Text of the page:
Considering the full details, does McGregor’s actions here make any more sense? Or is he still just an egomaniac running around going completely unchecked?

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Colby Covington Sounds Off On ‘Coked-Up Leprechaun’ Conor McGregor

UFC welterweight Colby Covington has made nearly every big name in mixed martial arts his target as of late. And now he’s focused on the biggest name out there. Heading into his interim title fight versus Rafael dos Anjos at June 9’s UFC 225 from Chicago, Covington clapped back at the circling suggestions that he […]

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UFC welterweight Colby Covington has made nearly every big name in mixed martial arts his target as of late.

And now he’s focused on the biggest name out there.

Heading into his interim title fight versus Rafael dos Anjos at June 9’s UFC 225 from Chicago, Covington clapped back at the circling suggestions that he was simply copying former UFC lightweight and featherweight champion Conor McGregor’s style in an interview with BJ Penn Radio, and to no surprise, he claimed he was here to be his own unique supervillain – not to make friends:

“People, they wanna say I’m mimicking McGregor, I’m mimicking Chael Sonnen. I’m not trying to be anything like them. Does it look like I’m trying to get followers or I’m trying to get fans? I don’t care. I’m not trying to make people happy. I don’t care. You’re gonna be mad, but you will tune in to see me fight ’cause you wanna see me lose. At the end of the day, all these people that wanna say I’m trying to mimic another person, no. I’m unique in my own way. No one’s ever done and went the route I’ve went, full supervillain here.”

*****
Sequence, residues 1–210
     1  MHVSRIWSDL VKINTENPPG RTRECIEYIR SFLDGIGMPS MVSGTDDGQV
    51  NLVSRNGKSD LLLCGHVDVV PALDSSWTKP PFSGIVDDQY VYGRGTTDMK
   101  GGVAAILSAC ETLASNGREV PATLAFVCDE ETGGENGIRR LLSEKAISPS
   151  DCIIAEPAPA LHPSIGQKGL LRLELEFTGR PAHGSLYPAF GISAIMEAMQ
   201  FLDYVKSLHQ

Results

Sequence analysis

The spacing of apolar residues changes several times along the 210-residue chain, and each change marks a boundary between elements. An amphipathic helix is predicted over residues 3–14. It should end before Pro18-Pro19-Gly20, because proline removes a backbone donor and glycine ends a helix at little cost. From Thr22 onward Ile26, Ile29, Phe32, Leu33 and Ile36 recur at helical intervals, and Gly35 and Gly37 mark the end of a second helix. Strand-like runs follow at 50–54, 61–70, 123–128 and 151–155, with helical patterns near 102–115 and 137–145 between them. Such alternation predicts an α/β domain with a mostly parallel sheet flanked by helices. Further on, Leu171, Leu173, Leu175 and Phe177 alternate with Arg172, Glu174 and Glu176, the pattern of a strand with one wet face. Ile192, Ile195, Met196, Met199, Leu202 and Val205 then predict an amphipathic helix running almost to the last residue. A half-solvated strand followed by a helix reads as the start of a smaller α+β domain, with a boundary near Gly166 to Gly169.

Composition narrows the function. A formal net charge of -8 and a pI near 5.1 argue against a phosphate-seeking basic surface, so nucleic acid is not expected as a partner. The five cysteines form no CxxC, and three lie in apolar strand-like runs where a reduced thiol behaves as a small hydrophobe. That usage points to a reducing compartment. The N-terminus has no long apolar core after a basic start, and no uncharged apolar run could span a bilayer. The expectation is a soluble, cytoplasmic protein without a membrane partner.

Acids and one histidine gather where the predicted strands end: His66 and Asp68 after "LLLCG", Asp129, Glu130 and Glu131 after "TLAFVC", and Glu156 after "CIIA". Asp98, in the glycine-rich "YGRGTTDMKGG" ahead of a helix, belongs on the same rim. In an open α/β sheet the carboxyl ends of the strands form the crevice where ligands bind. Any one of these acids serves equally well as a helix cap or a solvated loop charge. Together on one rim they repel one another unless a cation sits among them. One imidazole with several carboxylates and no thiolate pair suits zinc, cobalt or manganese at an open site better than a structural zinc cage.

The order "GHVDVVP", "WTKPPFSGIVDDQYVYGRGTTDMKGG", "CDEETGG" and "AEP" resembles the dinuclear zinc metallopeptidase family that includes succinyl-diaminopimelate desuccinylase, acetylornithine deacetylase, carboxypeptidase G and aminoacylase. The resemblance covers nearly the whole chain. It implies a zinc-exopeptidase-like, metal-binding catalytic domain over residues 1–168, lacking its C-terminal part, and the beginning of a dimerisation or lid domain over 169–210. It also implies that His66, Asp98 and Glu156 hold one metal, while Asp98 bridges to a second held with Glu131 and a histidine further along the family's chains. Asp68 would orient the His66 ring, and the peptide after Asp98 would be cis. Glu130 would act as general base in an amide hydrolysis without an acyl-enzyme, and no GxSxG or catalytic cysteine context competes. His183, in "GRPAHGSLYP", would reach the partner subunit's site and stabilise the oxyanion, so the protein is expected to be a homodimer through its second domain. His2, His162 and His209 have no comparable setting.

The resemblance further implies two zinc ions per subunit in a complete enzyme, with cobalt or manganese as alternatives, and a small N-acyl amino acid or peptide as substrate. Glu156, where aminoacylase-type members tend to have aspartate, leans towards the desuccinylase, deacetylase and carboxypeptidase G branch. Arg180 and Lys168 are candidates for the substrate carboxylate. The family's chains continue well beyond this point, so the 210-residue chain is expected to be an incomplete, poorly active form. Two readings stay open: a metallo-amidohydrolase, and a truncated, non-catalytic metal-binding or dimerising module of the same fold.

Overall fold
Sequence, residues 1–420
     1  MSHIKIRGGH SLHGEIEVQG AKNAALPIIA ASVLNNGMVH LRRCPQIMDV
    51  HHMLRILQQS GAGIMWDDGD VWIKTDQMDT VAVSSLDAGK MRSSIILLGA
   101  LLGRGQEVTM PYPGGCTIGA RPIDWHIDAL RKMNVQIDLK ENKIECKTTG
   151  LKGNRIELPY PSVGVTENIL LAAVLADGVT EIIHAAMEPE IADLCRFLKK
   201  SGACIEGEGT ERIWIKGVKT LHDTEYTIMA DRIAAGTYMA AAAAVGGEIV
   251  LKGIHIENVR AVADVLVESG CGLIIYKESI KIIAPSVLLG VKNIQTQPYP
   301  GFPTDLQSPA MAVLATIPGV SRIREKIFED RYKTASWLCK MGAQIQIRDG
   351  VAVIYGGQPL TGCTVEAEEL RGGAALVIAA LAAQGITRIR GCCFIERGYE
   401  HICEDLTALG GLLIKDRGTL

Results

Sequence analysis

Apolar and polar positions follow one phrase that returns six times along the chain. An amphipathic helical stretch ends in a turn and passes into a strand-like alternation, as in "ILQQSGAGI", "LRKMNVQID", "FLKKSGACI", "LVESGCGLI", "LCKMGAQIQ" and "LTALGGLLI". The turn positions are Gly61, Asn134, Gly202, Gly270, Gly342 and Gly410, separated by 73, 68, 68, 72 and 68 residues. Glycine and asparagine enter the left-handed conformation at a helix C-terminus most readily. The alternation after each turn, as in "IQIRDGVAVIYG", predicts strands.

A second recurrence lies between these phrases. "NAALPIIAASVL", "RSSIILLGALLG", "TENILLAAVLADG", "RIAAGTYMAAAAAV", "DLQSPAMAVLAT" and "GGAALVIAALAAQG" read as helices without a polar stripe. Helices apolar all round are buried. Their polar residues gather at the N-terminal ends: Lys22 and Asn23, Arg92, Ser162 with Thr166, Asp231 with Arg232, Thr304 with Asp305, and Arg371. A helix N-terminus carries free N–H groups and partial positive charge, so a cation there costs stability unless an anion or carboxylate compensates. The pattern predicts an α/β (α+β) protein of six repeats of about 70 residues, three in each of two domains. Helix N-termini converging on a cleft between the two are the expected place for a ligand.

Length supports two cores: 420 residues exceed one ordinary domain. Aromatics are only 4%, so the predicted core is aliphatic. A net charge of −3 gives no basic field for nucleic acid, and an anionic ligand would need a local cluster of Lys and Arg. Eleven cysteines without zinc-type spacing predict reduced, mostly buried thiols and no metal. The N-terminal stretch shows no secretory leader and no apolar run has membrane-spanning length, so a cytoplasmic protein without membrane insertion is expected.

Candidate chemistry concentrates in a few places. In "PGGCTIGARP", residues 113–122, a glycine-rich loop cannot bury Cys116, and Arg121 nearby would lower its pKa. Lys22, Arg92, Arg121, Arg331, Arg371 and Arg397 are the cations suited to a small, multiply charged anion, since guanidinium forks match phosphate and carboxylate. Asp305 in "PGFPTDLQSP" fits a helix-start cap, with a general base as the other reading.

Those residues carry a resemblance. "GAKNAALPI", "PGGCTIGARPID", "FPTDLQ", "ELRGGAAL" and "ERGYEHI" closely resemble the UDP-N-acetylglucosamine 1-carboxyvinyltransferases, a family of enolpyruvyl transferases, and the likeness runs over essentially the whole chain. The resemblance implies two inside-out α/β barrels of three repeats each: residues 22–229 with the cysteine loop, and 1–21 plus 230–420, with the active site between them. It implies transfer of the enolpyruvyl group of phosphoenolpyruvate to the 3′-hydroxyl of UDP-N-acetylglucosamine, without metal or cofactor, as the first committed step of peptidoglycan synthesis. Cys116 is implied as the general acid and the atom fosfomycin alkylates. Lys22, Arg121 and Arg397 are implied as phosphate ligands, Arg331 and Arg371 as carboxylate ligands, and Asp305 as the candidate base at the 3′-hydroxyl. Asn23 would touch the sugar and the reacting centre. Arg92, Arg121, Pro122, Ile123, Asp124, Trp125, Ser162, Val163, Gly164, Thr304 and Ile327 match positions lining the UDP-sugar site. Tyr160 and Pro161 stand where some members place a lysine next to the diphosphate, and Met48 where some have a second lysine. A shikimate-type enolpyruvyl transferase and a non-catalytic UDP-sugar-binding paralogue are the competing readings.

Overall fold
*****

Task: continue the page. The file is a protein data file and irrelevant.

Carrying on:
Covington then went full-on “Chaos” on McGregor, claiming he used a certain substance. The top-ranked welterweight recently offered to bring McGregor in for his assault charges stemming from his April 5 bus attack on Khabib Nurmagomedov and others in Brooklyn, New York, an over-the-top outburst Covington claims McGregor only did to get back the headlines he was stealing from him:

“He’s a coked-up little Leprechaun. He’s making stupid mistakes, but the thing is, Jason, is that he noticed that King Colby was in the media a lot and in the headlines, and he was losing attention, so he was just trying to steal the headlines back. But at the end of the day, as soon as I put out my tweet that King Colby the bounty hunter was looking for him, he turned himself in. He knows he didn’t wanna get his hands dirty with me.”

Regardless of if he admits he’s copying notorious trash talkers like McGregor and Sonnen, however, he is, just as they built upon the legacies of prominent combats sports smack talkers before them.

It’s a big part of the fight game, and Covington is fully embracing the role of heel to wildly successful results, something that almost assuredly propelled him to title contention much faster than playing a babyface role would have.

Saying he’s stealing McGregor’s headlines is a bit of a stretch, of course, but that’s how he’s gotten this far, so no need to stop now. After so many callouts and so much smack, the pressure’s now on Covington to win the title versus the surging ‘RDA’ in Chicago next month.

If he can back it up, look out.